Cedar’s Remarkable Weather Resistance
Many people are familiar with Cedar wood for its common uses. Cedar is typically found in outdoor furniture and structures surviving through sun, rain, and snow as well as the wood that saunas are lined with holding up against constant humidity and heat. So what is so special about cedar that makes it so resistant to weather? To better understand Cedar’s remarkable resistance to the elements we will need to understand more about the wood itself.
Western Red Cedar and Northern White Cedar are coniferous members of the Cypress family Cupressaceae. The Western Red Cedar tree, or Thuja plicata, primarily grows in the Pacific Northwest region of the US. The Northern White Cedar tree, or Thuja occidentalis, primarily grows in Eastern-Southeastern Canada and adjacent states of New England and the Great Lakes region west to Minnesota. Western Red Cedar is a large-to-very-large tree and can grow in some areas up to 230 ft. tall. It is also long-lived and some trees can live well over a thousand years, with the oldest verified being 1,460 years old. By contrast, Northern White cedar is a smaller tree and commonly grows up to 50 ft. tall, but a few trees can grow as large as 80 ft. It grows relatively slowly in swamp areas or on other saturated lowland sites and some trees can reach the ages of 400 years and greater in these habitats. One tree from Ontario was dated at more than 1,650 years old.
Both species produce the distinct “cedar” scent. This is caused by the oils and acids produced by both wood species. These are known scientifically as “polyoxyphenols” which give cedar its distinctive and pleasant aroma. The “phenols” also are responsible for Cedar’s natural resistance to moisture, decay and insect infestation. The natural resistance provided by the oils and acids are what make these species more popular in outdoor applications. Properly finished, cedar will last for decades even in harsh environments.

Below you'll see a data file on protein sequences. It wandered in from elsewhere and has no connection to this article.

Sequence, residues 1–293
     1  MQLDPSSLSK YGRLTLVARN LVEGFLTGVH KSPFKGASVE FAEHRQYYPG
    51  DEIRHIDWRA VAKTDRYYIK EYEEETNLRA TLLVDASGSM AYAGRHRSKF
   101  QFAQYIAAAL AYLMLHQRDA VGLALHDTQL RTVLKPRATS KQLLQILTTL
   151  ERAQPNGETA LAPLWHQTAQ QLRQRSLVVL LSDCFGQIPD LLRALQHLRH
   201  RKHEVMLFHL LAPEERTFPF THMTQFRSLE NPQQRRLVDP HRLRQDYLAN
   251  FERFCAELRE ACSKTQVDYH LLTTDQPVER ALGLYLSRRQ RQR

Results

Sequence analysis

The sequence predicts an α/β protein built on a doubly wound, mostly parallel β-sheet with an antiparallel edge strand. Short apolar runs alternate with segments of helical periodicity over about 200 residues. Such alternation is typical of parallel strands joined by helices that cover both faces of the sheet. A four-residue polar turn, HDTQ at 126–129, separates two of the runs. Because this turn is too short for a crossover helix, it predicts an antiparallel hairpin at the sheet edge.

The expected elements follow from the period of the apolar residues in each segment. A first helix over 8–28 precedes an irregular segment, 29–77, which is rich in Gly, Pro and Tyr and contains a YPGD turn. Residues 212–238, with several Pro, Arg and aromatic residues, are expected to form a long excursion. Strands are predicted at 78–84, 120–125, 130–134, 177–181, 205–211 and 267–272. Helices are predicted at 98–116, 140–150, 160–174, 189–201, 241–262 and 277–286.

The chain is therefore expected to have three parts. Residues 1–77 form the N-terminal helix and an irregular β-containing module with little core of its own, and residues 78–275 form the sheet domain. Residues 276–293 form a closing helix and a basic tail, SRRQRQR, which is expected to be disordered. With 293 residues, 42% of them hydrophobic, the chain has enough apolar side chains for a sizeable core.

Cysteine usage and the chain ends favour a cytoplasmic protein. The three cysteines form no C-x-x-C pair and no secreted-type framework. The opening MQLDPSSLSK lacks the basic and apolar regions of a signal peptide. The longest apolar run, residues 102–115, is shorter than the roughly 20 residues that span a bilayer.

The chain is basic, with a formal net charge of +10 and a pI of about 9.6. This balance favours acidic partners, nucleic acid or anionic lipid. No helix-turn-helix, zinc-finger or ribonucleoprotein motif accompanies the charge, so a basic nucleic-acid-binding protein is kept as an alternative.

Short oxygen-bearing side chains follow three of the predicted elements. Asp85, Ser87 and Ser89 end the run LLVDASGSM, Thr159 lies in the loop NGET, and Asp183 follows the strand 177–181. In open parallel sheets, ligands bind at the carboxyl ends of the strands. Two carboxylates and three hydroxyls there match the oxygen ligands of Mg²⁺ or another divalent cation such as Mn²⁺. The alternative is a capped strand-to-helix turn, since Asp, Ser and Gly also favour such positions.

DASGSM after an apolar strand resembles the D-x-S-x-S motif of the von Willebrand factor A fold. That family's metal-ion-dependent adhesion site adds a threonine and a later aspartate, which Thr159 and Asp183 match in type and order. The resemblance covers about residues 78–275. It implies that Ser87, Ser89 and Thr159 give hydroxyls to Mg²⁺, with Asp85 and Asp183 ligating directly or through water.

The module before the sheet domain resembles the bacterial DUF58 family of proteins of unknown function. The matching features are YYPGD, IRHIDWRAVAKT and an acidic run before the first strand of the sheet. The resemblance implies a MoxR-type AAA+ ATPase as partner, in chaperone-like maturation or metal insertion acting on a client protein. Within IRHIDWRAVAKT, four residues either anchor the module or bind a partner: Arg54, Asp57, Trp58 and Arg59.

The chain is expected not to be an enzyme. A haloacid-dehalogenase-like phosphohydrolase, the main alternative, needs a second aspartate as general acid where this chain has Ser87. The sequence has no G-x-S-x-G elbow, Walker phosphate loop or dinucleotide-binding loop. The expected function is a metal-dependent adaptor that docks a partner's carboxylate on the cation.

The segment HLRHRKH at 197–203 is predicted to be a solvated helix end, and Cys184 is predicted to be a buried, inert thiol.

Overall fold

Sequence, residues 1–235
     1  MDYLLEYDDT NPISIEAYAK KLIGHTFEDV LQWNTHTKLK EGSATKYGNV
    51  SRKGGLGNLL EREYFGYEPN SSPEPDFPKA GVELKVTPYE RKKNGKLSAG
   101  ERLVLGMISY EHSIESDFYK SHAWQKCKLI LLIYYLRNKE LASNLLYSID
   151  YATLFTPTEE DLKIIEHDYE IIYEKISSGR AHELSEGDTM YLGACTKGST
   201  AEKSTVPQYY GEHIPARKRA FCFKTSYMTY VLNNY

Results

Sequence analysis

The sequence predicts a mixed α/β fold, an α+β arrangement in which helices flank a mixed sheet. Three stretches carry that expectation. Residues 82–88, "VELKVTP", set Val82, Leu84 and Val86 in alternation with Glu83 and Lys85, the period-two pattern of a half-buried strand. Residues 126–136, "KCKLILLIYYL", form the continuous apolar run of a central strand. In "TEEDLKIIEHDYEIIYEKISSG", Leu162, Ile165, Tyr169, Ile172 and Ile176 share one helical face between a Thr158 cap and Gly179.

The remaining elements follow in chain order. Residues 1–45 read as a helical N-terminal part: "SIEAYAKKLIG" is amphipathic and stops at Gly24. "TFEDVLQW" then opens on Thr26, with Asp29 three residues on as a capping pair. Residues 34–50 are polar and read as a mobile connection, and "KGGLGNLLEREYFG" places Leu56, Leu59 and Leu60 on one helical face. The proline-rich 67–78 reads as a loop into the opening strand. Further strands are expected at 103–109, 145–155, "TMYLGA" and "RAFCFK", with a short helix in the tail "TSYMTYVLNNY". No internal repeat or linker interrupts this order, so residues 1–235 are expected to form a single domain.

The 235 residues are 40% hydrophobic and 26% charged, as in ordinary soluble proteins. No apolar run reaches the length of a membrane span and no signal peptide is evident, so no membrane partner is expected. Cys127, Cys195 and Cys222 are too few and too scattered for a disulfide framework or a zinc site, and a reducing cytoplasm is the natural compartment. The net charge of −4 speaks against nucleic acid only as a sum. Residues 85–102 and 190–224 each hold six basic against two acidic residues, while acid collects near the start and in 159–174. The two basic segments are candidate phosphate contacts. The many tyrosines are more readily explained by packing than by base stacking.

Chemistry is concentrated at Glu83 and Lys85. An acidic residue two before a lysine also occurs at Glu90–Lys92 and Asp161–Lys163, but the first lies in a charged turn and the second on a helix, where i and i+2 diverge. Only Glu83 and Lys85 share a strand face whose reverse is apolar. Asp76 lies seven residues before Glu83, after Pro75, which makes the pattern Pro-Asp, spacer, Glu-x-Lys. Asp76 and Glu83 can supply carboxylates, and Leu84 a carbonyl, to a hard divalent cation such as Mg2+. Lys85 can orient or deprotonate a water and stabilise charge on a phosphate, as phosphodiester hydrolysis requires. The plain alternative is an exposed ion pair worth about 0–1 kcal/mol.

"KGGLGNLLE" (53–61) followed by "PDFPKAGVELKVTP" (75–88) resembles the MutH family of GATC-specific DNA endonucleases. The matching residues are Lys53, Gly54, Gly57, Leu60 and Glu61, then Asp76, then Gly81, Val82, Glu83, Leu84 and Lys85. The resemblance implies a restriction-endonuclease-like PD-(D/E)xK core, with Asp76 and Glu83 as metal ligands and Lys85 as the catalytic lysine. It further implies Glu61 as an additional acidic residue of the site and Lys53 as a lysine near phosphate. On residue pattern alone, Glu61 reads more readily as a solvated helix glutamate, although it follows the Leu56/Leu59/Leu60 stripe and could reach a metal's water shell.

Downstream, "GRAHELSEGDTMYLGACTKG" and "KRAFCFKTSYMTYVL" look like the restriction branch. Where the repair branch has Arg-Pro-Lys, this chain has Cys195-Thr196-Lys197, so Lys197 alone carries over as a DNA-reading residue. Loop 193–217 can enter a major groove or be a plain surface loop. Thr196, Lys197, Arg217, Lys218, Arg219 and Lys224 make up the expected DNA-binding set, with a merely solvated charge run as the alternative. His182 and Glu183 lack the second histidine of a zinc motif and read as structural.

Western Red Cedar is one of the world’s most durable woods, as it has a natural resistance to moisture, decay and insect damage. It has twice the stability of most commonly available softwoods due to its low density and shrinkage factors. It produces long, lightweight lengths of timber with a fine straight grain and uniform texture. This makes it easy to cut, saw and nail with common tools. It also can be planed to a smooth surface or machined to any pattern. It can hold glue bonds and also provides a good base for many types of paints and stains since it lacks pitch and resin. It is also valued for its distinct aroma that is commonly believed to discourage moth and carpet beetle larvae infestations. All of these factors make it the premier choice for either interior or exterior home use.
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Northern White Cedar is the lightest of any commercial wood in the United States. It is even-grained and finely textured. The heartwood is resistant to decay and subterranean termites. It is easy to work, glues well and holds paint well. It also experiences little dimensional change, but it should be noted that the wood is soft and has low mechanical properties such as bending strength and nail-holding abilities. The wood has been primarily used to make rustic fencing and posts, but can also be used for cabin logs, lumber, poles, shingles, and other specialty type products.
Woodworking with Cedar
If you’re thinking about starting a project with Cedar you may need to know the moisture content of the wood before beginning.
Cedar’s natural longevity can be drastically shortened if not taken care of. If you want to get the longest life out of your cedar project, consider basic moisture content (MC) measurement and management. All wood species, even cedar, are subject to natural processes. Moisture resides in the walls and in the nuclei of all wood cells. Once a tree is cut and kiln-dried, its MC still fluctuates according to changes in the relative humidity (RH) and temperature of its surrounding environment. This is especially pertinent to cedar users because so many use the wood outdoors.